Remove from this list | Direct download (5 more)  
     
    My bibliography  
     
    Export citation  
  30. Gyula Klima, The Distinction of Substance and Accident and the Analogy of Being.
    Of those that exist, some are said of a subject, but are in no subject: as man is said of some subject, namely of some man, but is in no subject. Others, however, are in a subject, but are said of no subject. And I say that to be in a subject which, while it is in something not as a part, cannot exist apart from the thing in which it is. For example, some particular literacy is in a subject, (...)
    Remove from this list | Direct download  
     
    My bibliography  
     
    Export citation  
  31. Bernard Kobes (2005). The "One-Experience" Account of Phenomenal Unity: A Review of Michael Tye's "Consciousness and Persons". [REVIEW] Psyche 11.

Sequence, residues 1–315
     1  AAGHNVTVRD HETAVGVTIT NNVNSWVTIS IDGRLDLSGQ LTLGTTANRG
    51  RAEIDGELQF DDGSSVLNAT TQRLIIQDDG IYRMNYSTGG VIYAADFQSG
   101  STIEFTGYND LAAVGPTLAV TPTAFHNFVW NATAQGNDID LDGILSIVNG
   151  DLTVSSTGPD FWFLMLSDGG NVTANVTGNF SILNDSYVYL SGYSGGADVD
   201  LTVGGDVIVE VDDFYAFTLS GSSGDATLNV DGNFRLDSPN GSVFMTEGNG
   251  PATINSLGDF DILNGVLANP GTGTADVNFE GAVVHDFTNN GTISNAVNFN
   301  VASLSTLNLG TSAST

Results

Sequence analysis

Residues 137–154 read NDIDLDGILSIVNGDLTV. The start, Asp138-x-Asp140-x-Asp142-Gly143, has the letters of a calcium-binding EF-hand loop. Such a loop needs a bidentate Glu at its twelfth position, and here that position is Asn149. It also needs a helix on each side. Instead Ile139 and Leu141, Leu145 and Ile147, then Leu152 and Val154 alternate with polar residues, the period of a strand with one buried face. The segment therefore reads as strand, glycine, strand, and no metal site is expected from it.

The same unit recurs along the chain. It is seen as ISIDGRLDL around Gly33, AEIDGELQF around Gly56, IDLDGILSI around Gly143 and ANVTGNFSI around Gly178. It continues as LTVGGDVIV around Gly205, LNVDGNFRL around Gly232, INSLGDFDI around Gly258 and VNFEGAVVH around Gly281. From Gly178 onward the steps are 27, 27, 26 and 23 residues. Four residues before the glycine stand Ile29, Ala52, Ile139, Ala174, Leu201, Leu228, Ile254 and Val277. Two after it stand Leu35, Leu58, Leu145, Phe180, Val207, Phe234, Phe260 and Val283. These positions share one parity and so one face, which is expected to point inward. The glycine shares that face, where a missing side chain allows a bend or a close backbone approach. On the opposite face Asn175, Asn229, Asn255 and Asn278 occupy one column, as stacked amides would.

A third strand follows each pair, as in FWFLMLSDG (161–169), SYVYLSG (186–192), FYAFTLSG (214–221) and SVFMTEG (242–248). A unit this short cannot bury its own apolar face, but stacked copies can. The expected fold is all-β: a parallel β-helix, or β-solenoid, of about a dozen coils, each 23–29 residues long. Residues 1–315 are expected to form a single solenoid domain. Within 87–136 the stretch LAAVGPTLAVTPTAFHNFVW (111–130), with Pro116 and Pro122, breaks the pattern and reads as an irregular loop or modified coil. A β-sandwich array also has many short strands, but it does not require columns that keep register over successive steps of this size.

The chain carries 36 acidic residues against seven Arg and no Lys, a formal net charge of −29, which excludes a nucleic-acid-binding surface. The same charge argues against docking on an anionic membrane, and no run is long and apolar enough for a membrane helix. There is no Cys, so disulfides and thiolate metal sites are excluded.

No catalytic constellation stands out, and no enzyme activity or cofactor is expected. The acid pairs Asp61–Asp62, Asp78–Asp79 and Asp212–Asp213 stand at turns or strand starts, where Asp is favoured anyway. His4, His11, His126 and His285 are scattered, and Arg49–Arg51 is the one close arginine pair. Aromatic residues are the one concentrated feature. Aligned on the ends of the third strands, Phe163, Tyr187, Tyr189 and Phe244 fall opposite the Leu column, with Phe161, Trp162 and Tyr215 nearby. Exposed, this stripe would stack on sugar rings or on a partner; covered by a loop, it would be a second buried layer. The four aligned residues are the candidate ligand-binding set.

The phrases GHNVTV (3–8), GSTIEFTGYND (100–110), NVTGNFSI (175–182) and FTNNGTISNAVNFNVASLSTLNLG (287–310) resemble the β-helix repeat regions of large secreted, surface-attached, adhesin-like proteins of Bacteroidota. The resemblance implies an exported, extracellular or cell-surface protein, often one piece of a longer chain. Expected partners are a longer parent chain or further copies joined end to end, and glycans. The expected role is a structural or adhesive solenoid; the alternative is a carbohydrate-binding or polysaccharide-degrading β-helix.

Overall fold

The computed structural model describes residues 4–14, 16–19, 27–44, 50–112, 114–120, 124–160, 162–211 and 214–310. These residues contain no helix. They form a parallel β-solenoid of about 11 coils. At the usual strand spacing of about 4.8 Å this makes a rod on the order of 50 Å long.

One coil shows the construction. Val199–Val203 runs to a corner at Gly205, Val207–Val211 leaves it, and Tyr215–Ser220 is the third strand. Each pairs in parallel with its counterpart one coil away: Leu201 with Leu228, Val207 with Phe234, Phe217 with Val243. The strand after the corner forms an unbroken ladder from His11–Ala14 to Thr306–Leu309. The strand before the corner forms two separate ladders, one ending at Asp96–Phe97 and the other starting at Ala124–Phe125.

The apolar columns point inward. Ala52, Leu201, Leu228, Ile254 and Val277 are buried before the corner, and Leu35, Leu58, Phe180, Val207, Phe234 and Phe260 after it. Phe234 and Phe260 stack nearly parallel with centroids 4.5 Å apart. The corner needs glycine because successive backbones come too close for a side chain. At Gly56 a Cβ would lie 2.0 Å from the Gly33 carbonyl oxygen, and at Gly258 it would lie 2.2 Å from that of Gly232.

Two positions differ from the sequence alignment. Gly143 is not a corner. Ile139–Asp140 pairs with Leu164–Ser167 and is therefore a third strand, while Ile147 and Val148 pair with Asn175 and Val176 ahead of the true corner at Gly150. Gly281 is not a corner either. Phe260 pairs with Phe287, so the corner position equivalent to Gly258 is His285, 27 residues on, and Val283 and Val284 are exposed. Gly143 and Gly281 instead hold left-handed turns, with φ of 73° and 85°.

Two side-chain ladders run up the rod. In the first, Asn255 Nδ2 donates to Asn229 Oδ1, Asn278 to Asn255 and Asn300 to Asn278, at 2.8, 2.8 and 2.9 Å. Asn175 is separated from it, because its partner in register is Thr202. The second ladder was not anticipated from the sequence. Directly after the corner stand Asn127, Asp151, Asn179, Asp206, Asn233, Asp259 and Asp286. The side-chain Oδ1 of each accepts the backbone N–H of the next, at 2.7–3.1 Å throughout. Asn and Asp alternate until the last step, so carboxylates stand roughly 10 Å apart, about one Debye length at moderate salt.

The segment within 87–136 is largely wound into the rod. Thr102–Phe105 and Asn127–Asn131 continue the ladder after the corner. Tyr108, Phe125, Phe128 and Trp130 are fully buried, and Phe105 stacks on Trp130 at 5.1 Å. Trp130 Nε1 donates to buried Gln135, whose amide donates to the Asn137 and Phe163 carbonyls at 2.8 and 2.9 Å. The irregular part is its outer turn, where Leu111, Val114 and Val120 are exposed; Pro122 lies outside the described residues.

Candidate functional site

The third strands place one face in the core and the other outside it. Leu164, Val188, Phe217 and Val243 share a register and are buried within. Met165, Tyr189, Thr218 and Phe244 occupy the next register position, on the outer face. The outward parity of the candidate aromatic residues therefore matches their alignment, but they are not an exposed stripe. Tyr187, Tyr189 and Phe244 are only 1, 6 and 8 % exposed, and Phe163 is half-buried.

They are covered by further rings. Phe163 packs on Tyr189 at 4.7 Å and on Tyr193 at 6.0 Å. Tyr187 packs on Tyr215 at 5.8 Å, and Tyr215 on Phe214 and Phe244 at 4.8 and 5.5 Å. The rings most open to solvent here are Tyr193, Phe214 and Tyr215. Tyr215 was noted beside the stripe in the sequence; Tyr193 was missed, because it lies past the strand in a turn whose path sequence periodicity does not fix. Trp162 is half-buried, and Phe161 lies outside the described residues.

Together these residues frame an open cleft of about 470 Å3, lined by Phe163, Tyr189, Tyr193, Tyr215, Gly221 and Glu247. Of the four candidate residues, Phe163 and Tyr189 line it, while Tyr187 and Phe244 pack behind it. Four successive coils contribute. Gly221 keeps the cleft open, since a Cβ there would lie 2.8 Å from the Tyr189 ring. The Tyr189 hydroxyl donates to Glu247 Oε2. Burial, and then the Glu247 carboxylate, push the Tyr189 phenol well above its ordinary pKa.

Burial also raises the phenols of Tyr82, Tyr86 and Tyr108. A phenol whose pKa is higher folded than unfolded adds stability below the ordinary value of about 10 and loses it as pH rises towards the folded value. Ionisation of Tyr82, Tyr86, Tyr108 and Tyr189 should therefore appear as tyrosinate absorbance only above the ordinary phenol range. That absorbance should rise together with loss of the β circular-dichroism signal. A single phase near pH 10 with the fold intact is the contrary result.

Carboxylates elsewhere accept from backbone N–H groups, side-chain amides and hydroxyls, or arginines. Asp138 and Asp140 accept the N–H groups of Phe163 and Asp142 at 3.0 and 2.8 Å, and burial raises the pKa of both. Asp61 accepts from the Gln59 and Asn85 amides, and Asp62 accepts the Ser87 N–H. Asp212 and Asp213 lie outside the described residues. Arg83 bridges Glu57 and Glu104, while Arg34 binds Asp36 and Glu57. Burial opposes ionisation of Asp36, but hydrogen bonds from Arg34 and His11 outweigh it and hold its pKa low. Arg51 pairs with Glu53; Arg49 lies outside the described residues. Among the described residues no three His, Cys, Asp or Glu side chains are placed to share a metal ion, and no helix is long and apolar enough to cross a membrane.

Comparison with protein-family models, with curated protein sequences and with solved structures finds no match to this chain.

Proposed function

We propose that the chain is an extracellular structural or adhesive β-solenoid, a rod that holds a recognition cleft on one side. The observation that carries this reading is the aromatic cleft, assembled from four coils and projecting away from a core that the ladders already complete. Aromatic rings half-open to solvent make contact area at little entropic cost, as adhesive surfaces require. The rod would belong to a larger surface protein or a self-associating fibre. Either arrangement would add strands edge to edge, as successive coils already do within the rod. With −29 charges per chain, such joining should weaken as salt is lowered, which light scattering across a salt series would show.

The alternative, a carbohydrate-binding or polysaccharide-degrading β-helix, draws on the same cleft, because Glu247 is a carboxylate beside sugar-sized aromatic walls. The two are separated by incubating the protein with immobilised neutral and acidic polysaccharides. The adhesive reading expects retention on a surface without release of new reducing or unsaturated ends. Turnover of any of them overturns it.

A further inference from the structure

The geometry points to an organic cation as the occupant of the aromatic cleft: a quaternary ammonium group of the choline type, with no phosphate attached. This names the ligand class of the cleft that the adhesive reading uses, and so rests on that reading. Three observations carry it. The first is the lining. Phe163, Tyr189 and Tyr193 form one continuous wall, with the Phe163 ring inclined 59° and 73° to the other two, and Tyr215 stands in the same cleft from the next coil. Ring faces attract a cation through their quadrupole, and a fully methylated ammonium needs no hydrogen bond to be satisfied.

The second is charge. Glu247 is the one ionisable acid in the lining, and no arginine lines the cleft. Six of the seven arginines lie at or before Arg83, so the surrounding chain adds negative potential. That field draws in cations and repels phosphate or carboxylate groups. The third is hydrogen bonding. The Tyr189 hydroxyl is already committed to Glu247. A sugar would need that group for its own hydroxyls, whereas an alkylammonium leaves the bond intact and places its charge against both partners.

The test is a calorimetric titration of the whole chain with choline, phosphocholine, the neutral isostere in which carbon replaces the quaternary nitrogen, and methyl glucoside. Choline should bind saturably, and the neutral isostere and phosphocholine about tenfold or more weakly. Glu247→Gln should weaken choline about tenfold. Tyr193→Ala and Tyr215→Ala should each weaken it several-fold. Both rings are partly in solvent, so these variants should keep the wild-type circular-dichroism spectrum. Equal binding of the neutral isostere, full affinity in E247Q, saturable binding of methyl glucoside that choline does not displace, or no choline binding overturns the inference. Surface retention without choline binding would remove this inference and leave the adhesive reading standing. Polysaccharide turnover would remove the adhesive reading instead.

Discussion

Remove from this list |
     
    My bibliography  
     
    Export citation  
  32. D. M. Kovacs (2012). The Phenomenal Self, by Barry Dainton. Mind 120 (480):1242-1247.
    Remove from this list | Direct download (6 more)  
     
    My bibliography  
     
    Export citation  
  33. Arto Laitinen (2007). Sorting Out Aspects of Personhood:Capacities, Normativity and Recognition. Journal of Consciousness Studies 14 (s 5-6):248-270.
    This paper examines how three central aspects of personhood -- the capacities of individuals, their normative status, and the social aspect of being recognized -- are related, and how personhood depends on them. The paper defends first of all a 'basic view' that while actual recognition is among the constitutive elements of full personhood, it is the individual capacities (and not full personhood) which ground the basic moral and normative demands concerning treatment of persons. Actual recognition depends analytically on such (...)